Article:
The legal significance leans on the established doctrine of “command responsibility,” which allows the prosecution under international l“We’ve applied lessons learned from researching militaries around the world to our work in Myanmar, and we would not have been able to map the Myanmar Army without those lessons. (asterisk)(asterisk)said of military commanders for war crimes perpetrated by their subordinates.

“Establishing the command structures of militaries and other groups involved in atrocities is the lifeblood of properly conducting investigations into international crimes,” Mark Kersten, assistant professor of criminology and criminal justice at Canada’s University of the Fraser Valley, said in an email to The Associated Press. “When the Nazis were prosecuted at Nuremberg, the lead counsel for the Allies famously exclaimed that it was individuals who would be prosecuted for atrocities, and not abstract entities, namely states.”

Collecting evidence of human rights violations in Syria’s civil war has served as a guide to utilizing online information and technical advances to gather and organize evidence of war crimes. Similar projects have also been launched in other areas of conflict including Sudan, Yemen and Ukraine.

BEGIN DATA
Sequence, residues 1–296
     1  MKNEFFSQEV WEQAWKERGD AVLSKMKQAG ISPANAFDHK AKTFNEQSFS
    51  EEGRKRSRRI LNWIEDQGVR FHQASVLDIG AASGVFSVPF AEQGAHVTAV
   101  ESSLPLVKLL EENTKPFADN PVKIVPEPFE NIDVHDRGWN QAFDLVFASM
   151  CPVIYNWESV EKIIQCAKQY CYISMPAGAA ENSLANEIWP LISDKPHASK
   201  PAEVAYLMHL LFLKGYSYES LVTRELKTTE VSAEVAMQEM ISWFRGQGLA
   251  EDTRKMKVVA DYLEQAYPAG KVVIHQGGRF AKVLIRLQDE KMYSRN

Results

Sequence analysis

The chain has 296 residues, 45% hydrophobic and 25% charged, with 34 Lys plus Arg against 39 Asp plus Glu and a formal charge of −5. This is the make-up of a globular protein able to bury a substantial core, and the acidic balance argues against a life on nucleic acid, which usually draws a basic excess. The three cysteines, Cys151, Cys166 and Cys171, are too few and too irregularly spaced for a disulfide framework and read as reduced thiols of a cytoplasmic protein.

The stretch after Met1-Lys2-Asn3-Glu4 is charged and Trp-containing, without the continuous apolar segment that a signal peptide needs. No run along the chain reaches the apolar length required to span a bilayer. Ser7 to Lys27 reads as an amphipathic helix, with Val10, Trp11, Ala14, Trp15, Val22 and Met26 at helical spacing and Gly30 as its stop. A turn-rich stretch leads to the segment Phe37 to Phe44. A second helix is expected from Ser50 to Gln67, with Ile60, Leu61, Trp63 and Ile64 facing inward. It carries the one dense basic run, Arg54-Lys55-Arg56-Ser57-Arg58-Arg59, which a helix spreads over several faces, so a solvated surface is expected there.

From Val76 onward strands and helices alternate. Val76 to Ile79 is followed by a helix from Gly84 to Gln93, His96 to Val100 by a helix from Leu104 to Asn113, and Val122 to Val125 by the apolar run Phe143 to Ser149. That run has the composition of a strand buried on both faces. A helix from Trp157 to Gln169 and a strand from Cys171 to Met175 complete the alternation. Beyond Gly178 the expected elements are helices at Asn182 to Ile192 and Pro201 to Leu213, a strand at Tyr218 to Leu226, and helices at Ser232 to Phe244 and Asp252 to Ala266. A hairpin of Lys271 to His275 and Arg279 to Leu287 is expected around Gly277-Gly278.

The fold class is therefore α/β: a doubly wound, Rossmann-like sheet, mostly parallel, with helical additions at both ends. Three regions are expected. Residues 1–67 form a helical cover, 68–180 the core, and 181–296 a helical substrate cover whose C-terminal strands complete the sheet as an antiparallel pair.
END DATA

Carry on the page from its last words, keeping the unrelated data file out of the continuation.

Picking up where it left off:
Since 2021, evidence-gathering groups have formed in Myanmar, including Myanmar Witness, an NGO that seeks to “collect, analyse, verify and store evidence related to human rights incidents … in a way that is compatible with future human rights prosecutions.”

Similar work for Myanmar has already been done by groups documenting the security forces’ brutal 2017 counterinsurgency campaign in the western part of the country that drove an estimated 740,000 Rohingya to seek safety across the border in Bangladesh. Several international tribunals have been considering charges of genocide and other crimes brought against the army for their activities.

“Our work can complement and feed into the work of documenting abuses,” said Wilson. “Because we always aim to map the entire police or military, our research can help make connections between what human rights groups have documented and the wider chain of command.”

He said the project relied on open-source information drawn from the work of national and international human rights organizations and local activists, as well as books, independent newspapers and the military’s own media outlets.

Its previous work includes research on the Mexican Army’s chain of command for a complaint to the International Criminal Court alleging crimes against humanity. Its methodology has been used to support the Syrian Archive’s submission of evidence to investigative and prosecute authorities in Germany, France, and Sweden about the 2013 sarin gas attack on Khan Shaykhun.

“We’ve applied lessons learned from researching militaries around the world to our work in Myanmar, and we would not have been able to map the Myanmar Army without those lessons,” said Wilson.